The EXPLAIN PLAN command allows developers to view the query execution plan that the Oracle optimizer uses to execute a SQL statement. This command is very helpful in improving the performance of SQL statements because it does not actually execute the SQL statement—it only outlines the plan and inserts this execution plan in an Oracle table. Prior to using the EXPLAIN PLAN command, a file called utlxplan.sql (located in the same directory as catalog.sql, typically ORACLE_HOME/rdbms/admin) must be executed under the Oracle account that will be executing the EXPLAIN PLAN command.
The script creates a table called PLAN_TABLE that the EXPLAIN PLAN command uses to insert the query execution plan in the form of records. This table can then be queried and viewed to determine if the SQL statement needs to be modified to force a different execution plan. Oracle supplies queries to use against the plan table, too: utlxpls.sql and utlxplp.sql. Either will work, but utlxplp.sql is geared toward parallel queries. An EXPLAIN PLAN example is shown next (executed in SQL*Plus).
Q. Why use EXPLAIN without TRACE?
A. The statement is not executed; it only shows what will happen if the statement is executed.
Q. When do you use EXPLAIN without TRACE?
A. When the query will take an exceptionally long time to run.
The procedures for running TRACE vs. EXPLAIN are demonstrated here:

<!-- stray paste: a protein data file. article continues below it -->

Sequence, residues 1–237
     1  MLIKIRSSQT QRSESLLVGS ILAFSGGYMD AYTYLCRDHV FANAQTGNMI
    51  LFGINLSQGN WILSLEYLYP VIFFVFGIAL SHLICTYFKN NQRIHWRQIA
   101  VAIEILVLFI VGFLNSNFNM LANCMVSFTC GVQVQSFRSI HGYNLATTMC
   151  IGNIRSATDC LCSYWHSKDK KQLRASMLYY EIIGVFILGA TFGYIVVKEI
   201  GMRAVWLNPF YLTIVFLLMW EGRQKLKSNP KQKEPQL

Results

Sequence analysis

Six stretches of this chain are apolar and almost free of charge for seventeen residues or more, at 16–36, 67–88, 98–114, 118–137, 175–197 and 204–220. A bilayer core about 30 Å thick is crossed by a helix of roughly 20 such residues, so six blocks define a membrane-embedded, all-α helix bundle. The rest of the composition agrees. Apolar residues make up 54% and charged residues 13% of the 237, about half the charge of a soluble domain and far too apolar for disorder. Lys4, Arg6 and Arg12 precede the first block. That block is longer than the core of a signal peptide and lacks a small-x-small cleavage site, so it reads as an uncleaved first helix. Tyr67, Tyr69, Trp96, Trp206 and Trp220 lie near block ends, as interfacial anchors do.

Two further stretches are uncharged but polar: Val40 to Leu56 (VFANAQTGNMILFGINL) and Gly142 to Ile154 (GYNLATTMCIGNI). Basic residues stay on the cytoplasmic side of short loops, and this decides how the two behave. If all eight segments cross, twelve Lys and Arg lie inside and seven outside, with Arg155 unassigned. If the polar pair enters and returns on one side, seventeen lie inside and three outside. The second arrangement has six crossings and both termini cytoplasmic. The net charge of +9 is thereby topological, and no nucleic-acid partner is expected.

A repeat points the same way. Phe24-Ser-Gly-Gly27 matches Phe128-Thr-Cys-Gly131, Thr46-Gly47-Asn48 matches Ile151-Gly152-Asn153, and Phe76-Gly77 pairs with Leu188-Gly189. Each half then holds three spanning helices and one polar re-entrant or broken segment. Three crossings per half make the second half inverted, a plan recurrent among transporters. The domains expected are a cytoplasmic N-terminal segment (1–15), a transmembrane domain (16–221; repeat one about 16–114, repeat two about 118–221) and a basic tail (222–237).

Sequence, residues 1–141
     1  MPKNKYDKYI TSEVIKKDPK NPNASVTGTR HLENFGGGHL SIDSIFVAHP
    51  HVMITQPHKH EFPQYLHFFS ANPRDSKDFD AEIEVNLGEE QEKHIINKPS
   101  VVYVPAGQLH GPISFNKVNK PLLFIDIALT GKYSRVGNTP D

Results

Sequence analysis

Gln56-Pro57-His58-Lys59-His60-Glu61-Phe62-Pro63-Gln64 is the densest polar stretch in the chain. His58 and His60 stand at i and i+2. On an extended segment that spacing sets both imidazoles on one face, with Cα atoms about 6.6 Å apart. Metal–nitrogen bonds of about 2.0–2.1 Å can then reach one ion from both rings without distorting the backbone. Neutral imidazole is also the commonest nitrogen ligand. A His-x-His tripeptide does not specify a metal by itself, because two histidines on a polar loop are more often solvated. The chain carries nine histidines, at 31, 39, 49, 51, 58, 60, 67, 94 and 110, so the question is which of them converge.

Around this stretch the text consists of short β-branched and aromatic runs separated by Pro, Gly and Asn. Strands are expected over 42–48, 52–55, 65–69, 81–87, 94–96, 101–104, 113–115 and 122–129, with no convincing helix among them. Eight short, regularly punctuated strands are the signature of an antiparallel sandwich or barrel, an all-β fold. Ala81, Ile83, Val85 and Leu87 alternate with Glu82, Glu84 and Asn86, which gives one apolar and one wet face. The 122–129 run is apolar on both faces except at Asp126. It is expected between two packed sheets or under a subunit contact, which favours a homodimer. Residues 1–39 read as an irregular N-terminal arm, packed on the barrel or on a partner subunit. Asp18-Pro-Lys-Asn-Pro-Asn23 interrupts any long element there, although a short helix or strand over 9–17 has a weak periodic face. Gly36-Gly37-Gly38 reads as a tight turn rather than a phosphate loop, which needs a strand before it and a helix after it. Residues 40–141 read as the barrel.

Q. How do I use EXPLAIN by itself?
A. Follow these steps:
1. Find the script; it is usually in the ORACLE_HOME/rdbms/admin directory:
2. Execute the script utlxplan.sql in SQLPLUS:
This script creates the PLAN_TABLE for the user executing the script. You can create your own PLAN_TABLE, but use Oracle’s syntax—or else!
3. Run EXPLAIN PLAN for the query to be optimized (the SQL statement is placed after the FOR clause of the EXPLAIN PLAN statement):
4. Optionally, you can also run EXPLAIN PLAN for the query to be optimized using a tag for the statement:
Use the SET STATEMENT_ID = ‘your_identifier’ when the PLAN_TABLE will be populated by many different developers. I rarely use the SET STATEMENT_ID statement. Instead, I explain a query, look at the output, and then delete from the PLAN_TABLE table. I continue to do this (making changes to the query), until I see an execution plan that I think is favorable. I then run the query to see if performance has improved. If multiple developers/DBAs are using the same PLAN_TABLE, the SET STATEMENT_ID (case sensitive) is essential to identifying a statement.
5. Select the output from the PLAN_TABLE:
Use EXPLAIN instead of TRACE so you don’t have to wait for the query to run. EXPLAIN shows the path of a query without actually running the query. Use TRACE only for multiquery batch jobs to find out which of the many queries in the batch job are slow.
You can use the utlxpls.sql and utlxplp.sql queries provided by Oracle to query the plan table without having to write your own query and without having to format the output.
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